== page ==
My concern is that there are a number of factors involved such as increased state budgetary burdens, etc.  I feel that your law, although, a step in the right direction, is at best a band aid, and I would urge you to redouble your efforts at a comprehensive reform of higher education to ensure future generations of Americans have the opportunities I had.

    Thank you for your time.

  •  Its about time... (1+ / 0-)
    Recommended by:

    I was wondering how long it would take for someone to give some relief to college students!

  •  But.... (1+ / 0-)
    Recommended by:

    as I recall, the help is phased in over a period of years so that it will be some time before students receive the full benefits.

    Among a people generally corrupt, liberty cannot long exist. - Edmund Burke

    by Deep Harm on Thu Sep 27, 2007 at 09:45:31 AM PDT

  •  You know, (1+ / 0-)
    Recommended by:

    This morning on WNYC (or one of its NPR programs that it carries) I was hearing that Mr Bush is trying to cut subsidies for student loan programs.

    I wonder if they were wrong, or if there are more elements to all this than I've calculated.

    Socialism: Aspirin for your social-welfare headaches. (Use in moderation.)

    by Shaviv on Thu Sep 27, 2007 at 10:00:35 AM PDT

  •  Rep. Miller: NCLB Is Wrong (4+ / 0-)
    Recommended by:
    eugene, juls, truebeliever, Horsefeathers

    I applaud the work to make it easier for college students to get financial aid.

    However, I am appalled with your work on reauthorization of No Child Left Behind. NCLB forces teaching to the test, especially in poor districts.  Anecdotal evidence from instructors at community colleges in blue collar areas is that the effect of teaching to the test is that no real learning  goes on at all in high school now. Jonathon Kozol writes much more eloquently about the failure of NCLB much better than I can here.

    I just read this morning that the clause that gives the military access to addresses and phone numbers for all high school students unless they opt out is still in the NCLB authorization.  That too is wrong and with Democratic control it could easily be left out.

    The cost of NCLB testing is largely being passed on to states and local school districts even though it was promised that it would be covered by the Feds.  So not only does NCLB make life harder for teachers, but it takes away from the money that districts have to spend because they have to pay much of the cost of the testing.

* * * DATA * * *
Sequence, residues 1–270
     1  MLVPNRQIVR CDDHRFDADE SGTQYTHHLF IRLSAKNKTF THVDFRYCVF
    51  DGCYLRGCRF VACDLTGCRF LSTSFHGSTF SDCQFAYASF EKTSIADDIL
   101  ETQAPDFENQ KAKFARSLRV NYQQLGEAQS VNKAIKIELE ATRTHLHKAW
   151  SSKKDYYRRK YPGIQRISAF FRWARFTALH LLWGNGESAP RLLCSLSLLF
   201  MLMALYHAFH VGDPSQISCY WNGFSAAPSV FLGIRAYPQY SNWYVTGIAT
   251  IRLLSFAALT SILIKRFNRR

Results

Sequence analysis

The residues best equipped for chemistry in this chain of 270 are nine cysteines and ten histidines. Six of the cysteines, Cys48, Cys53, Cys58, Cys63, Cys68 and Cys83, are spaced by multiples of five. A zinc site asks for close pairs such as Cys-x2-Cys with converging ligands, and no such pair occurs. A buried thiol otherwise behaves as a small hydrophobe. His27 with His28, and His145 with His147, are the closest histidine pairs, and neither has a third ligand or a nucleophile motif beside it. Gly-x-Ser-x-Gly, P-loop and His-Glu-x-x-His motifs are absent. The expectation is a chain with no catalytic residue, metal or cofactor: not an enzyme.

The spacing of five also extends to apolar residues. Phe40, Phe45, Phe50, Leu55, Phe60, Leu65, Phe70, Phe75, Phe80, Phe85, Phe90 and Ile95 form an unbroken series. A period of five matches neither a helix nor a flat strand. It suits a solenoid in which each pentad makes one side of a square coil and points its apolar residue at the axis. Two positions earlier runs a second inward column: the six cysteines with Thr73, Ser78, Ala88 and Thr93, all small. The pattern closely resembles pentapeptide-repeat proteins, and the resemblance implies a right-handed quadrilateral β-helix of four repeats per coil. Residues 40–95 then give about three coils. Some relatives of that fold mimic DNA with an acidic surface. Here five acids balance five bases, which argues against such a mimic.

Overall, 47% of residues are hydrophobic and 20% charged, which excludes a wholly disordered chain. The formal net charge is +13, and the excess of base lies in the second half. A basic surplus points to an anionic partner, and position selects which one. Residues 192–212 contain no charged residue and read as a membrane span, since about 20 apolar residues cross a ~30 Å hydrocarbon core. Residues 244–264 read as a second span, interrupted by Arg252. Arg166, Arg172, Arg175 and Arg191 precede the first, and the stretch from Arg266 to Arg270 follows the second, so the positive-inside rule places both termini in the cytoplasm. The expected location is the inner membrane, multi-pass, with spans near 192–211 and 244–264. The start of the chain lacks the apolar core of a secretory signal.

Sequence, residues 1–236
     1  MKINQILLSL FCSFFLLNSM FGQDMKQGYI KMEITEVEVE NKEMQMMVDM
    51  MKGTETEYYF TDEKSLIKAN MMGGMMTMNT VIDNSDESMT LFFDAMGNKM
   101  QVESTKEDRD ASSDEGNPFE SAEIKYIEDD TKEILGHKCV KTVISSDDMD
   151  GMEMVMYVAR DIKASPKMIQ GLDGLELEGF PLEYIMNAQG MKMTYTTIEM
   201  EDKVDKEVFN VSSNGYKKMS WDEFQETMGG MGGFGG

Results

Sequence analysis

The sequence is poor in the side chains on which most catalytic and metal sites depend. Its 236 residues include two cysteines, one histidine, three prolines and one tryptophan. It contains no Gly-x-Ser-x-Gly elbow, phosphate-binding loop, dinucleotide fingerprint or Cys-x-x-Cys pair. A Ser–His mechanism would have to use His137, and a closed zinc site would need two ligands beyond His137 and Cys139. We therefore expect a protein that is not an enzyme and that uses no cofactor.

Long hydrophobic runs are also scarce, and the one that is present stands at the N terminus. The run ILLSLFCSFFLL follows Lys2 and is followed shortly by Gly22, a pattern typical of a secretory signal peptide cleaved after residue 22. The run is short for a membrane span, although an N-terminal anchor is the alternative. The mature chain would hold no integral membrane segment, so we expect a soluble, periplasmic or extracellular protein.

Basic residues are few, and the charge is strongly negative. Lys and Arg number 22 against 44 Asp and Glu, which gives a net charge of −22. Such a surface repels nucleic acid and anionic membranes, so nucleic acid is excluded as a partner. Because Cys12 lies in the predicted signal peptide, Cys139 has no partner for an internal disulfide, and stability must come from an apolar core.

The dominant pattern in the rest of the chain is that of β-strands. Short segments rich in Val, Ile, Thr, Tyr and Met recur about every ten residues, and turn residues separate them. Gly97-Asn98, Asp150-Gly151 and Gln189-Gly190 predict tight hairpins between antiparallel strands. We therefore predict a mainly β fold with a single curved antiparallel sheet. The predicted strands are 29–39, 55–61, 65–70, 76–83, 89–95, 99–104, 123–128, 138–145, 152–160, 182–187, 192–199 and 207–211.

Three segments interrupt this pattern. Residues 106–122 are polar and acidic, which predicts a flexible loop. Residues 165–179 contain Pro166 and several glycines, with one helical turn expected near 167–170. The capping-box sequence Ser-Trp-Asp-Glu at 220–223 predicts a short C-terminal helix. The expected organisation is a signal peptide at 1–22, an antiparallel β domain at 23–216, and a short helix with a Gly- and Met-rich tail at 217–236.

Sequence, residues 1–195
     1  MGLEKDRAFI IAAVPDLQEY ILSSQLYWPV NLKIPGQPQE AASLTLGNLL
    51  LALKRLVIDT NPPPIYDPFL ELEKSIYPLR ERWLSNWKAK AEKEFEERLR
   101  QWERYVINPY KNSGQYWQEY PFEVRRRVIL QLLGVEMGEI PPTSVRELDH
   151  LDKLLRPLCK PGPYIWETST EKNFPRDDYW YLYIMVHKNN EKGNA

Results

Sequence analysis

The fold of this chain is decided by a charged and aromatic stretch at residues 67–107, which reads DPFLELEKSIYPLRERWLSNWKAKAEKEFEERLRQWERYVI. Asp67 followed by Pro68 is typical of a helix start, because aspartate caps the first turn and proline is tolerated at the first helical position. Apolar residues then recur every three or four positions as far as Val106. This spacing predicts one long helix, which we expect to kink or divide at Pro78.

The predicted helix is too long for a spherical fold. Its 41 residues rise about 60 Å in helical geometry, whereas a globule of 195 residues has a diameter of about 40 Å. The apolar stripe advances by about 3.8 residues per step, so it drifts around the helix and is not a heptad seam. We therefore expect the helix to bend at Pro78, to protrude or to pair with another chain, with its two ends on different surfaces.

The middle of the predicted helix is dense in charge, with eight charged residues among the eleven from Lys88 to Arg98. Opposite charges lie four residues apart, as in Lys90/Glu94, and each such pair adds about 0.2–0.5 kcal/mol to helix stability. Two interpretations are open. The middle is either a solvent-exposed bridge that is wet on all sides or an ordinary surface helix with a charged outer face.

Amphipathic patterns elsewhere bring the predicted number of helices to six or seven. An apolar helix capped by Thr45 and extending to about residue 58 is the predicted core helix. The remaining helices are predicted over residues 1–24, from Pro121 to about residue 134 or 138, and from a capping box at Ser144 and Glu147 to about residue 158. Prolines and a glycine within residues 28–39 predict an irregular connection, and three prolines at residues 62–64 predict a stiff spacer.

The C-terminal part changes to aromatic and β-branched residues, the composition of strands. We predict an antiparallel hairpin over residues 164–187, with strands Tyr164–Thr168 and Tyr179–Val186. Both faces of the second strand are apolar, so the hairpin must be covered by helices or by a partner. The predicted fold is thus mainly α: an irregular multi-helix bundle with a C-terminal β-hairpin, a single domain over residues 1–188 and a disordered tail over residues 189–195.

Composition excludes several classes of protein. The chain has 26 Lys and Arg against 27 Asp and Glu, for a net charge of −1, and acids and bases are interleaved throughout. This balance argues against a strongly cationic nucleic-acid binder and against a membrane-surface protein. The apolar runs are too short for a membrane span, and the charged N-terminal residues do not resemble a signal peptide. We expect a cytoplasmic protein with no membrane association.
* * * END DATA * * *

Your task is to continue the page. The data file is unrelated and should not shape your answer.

Social science research has demonstrated that poverty is a major predictor of academic failure so all the effort that goes into testing as mandated by NCLB would be better put into efforts to end poverty.  

    I live in your district and usually feel well represented by what you do.  In this instance I am embarrassed and ashamed by your efforts.

  •  Great success! Thank you. (3+ / 0-)
    Recommended by:
    Caldonia, irishwitch, Horsefeathers

    This is a rare bit of good news. And speaking as the mother of a kid who hasn't finished college yet because of finances, I'm very appreciative of what you're accomplished.

    BTW, you're one of the most interesting legislators around. I always look forward to hearing what you're up to. You should come here more often.

  •  But when does it go into effect? My son just (1+ / 0-)
    Recommended by:

    started this year as a freshman at an "inexpensive" State University and it's costing me $15,000 for this year alone.  My income was "too high" for any grants. I'm a single mom and make $60K per year with 2 kids and no child support.  

    Do you know how big a bite this is for our family???

    Should I tell him to stay home and work at Burger King?

    What has happened to this world?

    Millions of us need help NOW. I am paying as much in cash every month as I can scrape up, he has a job on campus, and I'm borrowing the rest from my Home Equity. We won't have ANY savings or cushion for emergencies for at least 8 years (I have another son who will start college in 4 years).  

    Someone also needs to take a big look at how FAFSA determines aid.  I'd love to tell you some horror stories I've come across.

    Next time I tell you someone from Texas should NOT be president of the United States, please pay attention. In Memory of Molly Ivins, 1944-2007

    by truebeliever on Thu Sep 27, 2007 at 10:25:07 AM PDT

    •  I can sympathize (0+ / 0-)